Succession planning - outside the box

Actually, I mean that literally. How are you going to sell your company before you’re dead?

One model tells people to ignore the question. Nobody wants to talk about it. I certainly don’t. Still, talking about it is better than not. Here’s why.

People that ignore the succession question are admitting they may have what it takes to run a business, but they don’t have what it takes to sell one. They leave it to their estate. What comes is usually an auction, and an auction usually means your executors were not equipped to do what you could not do.

Kerry Knudsen

Kerry Knudsen

In a perfect world, your life’s work will pass to an heir. Unfortunately, the world is not perfect, and family politics cloud even the best-laid succession plans. I know a few that seem to be working, and applaud them. For the rest of us, it’s a challenge.

The MBAs of the world will tell you to sell your company at the peak of its value. Duh. So how the hell are you supposed to know the peak? For that matter, what is the “value,” whether peak or not?

I think we can all accept that our companies are not going to sell for what we think they’re worth. After all, bosses are no different in that way from employees. “If I could buy him for what I think he’s worth and sell him for what he thinks he’s worth, I could retire,” is the adage.

So, we all know this stuff. Nothing new. However, I wonder if we are missing a possible opportunity.

Forget about your daughter or nephew, for the moment. Let’s talk about Canadian uppers-and-comers. We’ll call them the “market” for an established business.

You can find studies about Canadian Generation Ys and Millennials about anywhere. Underneath the fluff, you will find they want high pay, soft jobs and guarantees right off the bat. I guess, to be honest, we wanted that, too. We just didn’t get it. Further, I doubt most of us can offer it. Production work has its rewards, but guarantees and ease are not among them. High pay can come if certain requirements are met. Customer approval comes to mind.

Having effectively wiped out two generations of Canadians, where does that leave us?

I think it’s obvious, once we do the unpleasant task of eliminating our kids. It has to be someone else.

 

Once you look “outside,” it gets interesting. We have tens of thousands of immigrants. Some are from China, some from Mexico or Central America, some from India, some from Central Asia, and so on. I know people from each of these groups, and not a one seems to be focused on ease or guarantees, and each expects high pay under conditions. More importantly, each is looking around in this new country and asking the questions, “What do I do now?” and “Where should I look for opportunity?” The promise of North America has always been wealth and a new start.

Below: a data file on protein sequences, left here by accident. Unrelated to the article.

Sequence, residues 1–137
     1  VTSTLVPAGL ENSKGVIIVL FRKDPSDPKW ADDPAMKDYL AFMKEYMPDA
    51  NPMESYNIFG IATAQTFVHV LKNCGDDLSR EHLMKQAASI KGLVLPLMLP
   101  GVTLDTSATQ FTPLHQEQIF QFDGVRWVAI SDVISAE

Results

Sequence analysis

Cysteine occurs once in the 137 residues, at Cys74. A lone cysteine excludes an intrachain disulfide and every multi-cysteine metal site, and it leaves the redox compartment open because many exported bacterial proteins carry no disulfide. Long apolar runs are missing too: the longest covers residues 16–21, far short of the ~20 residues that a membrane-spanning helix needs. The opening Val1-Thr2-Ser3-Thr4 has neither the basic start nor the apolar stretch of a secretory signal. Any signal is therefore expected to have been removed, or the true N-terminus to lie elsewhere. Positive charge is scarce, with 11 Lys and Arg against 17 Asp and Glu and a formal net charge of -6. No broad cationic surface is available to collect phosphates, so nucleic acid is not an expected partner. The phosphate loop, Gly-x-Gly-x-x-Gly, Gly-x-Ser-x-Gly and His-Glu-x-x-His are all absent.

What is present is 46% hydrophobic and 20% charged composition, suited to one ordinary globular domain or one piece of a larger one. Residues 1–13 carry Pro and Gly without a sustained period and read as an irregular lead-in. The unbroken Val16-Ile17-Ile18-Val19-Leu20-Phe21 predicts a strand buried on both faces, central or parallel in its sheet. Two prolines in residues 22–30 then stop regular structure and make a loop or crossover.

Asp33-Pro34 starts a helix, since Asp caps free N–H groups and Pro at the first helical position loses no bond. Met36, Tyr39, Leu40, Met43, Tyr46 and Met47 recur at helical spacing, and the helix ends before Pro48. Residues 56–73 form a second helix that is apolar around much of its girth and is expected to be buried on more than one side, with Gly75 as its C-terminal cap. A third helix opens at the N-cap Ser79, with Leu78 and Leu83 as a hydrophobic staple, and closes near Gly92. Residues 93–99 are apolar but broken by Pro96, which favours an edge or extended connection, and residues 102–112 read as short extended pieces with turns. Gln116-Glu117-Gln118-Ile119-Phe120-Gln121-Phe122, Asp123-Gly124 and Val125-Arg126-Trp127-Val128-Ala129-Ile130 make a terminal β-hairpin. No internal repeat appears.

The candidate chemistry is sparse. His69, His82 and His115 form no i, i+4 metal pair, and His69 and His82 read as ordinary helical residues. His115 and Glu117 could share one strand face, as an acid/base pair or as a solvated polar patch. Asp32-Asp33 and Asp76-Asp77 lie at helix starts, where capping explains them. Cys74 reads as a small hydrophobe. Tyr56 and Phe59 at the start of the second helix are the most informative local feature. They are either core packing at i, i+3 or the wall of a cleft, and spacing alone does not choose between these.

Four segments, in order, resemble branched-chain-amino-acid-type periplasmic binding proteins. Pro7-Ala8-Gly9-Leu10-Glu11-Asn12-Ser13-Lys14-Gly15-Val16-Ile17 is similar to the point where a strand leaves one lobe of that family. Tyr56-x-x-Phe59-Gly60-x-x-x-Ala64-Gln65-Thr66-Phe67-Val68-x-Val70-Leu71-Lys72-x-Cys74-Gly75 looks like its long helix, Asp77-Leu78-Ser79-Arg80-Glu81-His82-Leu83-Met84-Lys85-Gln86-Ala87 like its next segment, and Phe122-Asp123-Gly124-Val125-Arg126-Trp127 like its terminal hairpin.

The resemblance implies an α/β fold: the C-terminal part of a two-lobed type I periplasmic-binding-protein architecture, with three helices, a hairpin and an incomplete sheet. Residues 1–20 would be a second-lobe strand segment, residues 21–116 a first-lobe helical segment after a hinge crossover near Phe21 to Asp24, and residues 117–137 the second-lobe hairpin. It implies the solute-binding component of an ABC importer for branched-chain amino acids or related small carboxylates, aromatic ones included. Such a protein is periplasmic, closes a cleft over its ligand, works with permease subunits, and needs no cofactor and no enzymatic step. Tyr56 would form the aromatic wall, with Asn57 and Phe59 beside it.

So there’s your market. Thousands of energetic and capable prospects, much like you were. What do you have to sell? Well, that’s a problem. Wood factories have two big factors to overcome in a sale. In most businesses, the value lies either in the capital investment, or in the creative value. A power plant might be an example on the one side, and a Bay Street financial firm on the other. Production facilities are big in both areas. The equipment can be a high number, alone, with some of our CNC machines exceeding $500,000 new.

On the other hand, each of our factories has the mark of its maker. Some people modify machines to do things they weren’t initially designed for. Others machine panels before break-out (or, at least, bore dowel holes). Some finish before assembly; others finish after. Some don’t finish, at all, while others walk the customer through from order to installation. You simply cannot go to school for a year and know how to integrate with an existing factory. You have to put in the effort.

To overcome the creativity hurdle, you need a prospect with a can-do attitude. To overcome the capital investment, he or she also needs money. This is tough, because creativity and money don’t always come in one person – a fact known by investors since time began. For the purposes of this note, the can-do attitude is there.

Unfortunately, you need the money. I can’t help much, there. Some cultures have resources inside their respective communities. Our own government may have funding or suggestions. For that matter, venture capital may shy away from a wood factory, but it can’t shy away from everything. Money, like people, has to work to gain value.

One obvious option is to sell on a contract with a defined pay-out. Even if the contract never matures in your lifetime, it will continue to provide an income. After that, who cares? You’re dead, anyway. Let the kids fight over it.

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